So the actual genetic stock of Dragonlords would have remained narrow and small, even while ethnic Valyrians themselves expanded. Which handily explains how Essos can still have an apparently large amount of pure Valyrian stock left, but virtually no Dragonlord genetics. Or else the Free Cities would have raised their own dragons even after the Doom.

This would also explain why the Targaryen's were heavily into incest, but it isn't necessarily common(outside of cousin fucking but that's different than generational sibling fucking) of the rest of the ethnic Valyrians. Because of heavy selective pressure.

 

So some hillbilly shepherd discovers dragons. Some time later, another hillbilly manages to tame one, has a bunch of kids. Because a dragon means the answer is always yes. Some more country bros also acquire dragons, and people starting fighting with them. Eventually somebody has a clutch of eggs around, and a few of them hatch away from the fires. Marriages abound, and people with dragons start severe ingroup selection of other dragonriders, and forcing all of their children to try to tame or raise a dragon. Failures get burned and eaten, successes get marriages. But eventually some family has a bunch of kids, and ALL of them successfully ride dragons and they are the only family to boast this. Incest abounds with the spares married off....or try to steal a bride/husband. All in all in would be centuries of fratricide and wars before they had a decent number of Dragonmother women.

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On 11 April 2016 at 2:16 AM, Vashon said:

GRRM laid evidence that the Valyrian phenotype is not uniquely their own. House Dayne has similar looks, and a Reach woman is possibly the reason the Targaryens were able to hatch more dragons. Speaking of House Dayne, how in the shit have they retained their phenotype?! Importing wives and husbands? Or did sorcery keep their traits dominant?

Another theory is that when they first discovered the dragons, originally they couldn't hatch them away from the fourteen flames, only tame them. Then over time, with sorcery, found a way to increase that genetic link and be able to hatch them regardless of the flames. I'm going with Preston Jacob's theory of genetics, with men capable of being Dragonriders, but Dragonmothers the only ones capable of actually hatching them. With two X Chromosomes, special ones at that, necessary to hatch dragons, inbreeding and selective marriages would be powerfully selected for. I wouldn't be surprised if an informal law in Valyria was that a Dragon riding/hatching woman was only ever wed to a Dragonriding man. Possibly vice versa, with Valyrians without the particular chromosome a slightly lesser underclass, only capable of gaining it through bastardry. And even then, with two DragonX Chromosomes required to hatch and only one to ride, there may have been marriages that resulted in some or none of the children of a couple with only one of the proper X chromosomes present in the couple.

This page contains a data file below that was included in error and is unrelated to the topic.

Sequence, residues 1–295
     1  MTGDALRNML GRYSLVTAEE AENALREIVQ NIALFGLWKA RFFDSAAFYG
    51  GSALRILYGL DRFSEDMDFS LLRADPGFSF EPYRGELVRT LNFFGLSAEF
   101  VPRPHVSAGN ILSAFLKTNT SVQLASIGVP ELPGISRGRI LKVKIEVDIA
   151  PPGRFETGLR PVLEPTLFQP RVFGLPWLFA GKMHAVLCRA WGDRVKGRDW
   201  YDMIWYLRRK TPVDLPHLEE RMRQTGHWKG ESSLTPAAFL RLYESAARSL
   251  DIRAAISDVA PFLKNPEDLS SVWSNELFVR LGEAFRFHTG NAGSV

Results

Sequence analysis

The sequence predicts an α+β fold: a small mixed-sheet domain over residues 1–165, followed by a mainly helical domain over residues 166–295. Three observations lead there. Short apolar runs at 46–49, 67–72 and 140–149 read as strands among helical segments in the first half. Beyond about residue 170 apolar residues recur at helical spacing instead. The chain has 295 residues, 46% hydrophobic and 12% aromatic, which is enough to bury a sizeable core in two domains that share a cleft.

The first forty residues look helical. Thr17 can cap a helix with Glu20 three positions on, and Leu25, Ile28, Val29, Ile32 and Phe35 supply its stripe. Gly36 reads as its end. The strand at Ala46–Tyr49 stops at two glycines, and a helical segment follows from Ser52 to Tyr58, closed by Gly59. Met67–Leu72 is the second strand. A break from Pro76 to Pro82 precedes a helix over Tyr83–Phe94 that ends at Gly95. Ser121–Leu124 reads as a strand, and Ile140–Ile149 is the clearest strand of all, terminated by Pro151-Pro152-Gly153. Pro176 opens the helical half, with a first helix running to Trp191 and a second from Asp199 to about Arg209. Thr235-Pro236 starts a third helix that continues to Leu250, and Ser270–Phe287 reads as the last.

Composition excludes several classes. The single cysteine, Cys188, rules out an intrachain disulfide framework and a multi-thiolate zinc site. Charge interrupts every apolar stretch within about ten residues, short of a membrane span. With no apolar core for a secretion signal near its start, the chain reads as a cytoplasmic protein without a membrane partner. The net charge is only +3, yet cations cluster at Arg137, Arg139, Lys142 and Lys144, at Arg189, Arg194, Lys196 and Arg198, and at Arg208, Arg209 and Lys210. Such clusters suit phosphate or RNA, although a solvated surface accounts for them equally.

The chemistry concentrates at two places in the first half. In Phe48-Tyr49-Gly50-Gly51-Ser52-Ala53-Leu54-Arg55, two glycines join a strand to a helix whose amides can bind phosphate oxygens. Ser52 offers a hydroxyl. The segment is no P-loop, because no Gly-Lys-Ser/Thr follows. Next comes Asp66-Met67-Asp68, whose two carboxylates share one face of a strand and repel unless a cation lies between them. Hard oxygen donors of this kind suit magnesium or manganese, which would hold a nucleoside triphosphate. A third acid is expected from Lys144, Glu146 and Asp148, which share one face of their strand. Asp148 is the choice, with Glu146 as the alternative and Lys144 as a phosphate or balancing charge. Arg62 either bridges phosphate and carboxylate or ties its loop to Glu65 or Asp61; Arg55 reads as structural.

So the actual genetic stock of Dragonlords would have remained narrow and small, even while ethnic Valyrians themselves expanded. Which handily explains how Essos can still have an apparently large amount of pure Valyrian stock left, but virtually no Dragonlord genetics. Or else the Free Cities would have raised their own dragons even after the Doom.

This would also explain why the Targaryen's were heavily into incest, but it isn't necessarily common(outside of cousin fucking but that's different than generational sibling fucking) of the rest of the ethnic Valyrians. Because of heavy selective pressure.

 

So some hillbilly shepherd discovers dragons. Some time later, another hillbilly manages to tame one, has a bunch of kids. Because a dragon means the answer is always yes. Some more country bros also acquire dragons, and people starting fighting with them. Eventually somebody has a clutch of eggs around, and a few of them hatch away from the fires. Marriages abound, and people with dragons start severe ingroup selection of other dragonriders, and forcing all of their children to try to tame or raise a dragon. Failures get burned and eaten, successes get marriages. But eventually some family has a bunch of kids, and ALL of them successfully ride dragons and they are the only family to boast this. Incest abounds with the spares married off....or try to steal a bride/husband. All in all in would be centuries of fratricide and wars before they had a decent number of Dragonmother women.

I doubt "shepherds" were the ones to gain anything, except maybe a boot on their neck from their noble overlords.

These early dragons and their riders simply would not have survived with all the myriad kingdoms and veracious lords around the land of the long summer. 

The early dragon lords had to have somewhere to retreat too and or defend.  This in turn leads me to believe that the noble dragon riding or future dragon riding class was imported from somewhere else, and came to the 14 flames, as opposed to being 'from' there.

obvioulsy this doesn't mean they are aliens or even genetically bred, but, given the double dragon X Theory at some point those whom tamed the first dragons realized hatching more was possible.

as a process of trial and error this would take generations and an insane amount of luck, possible, yes, but given what we know of GRRMs world highly unlikely I think.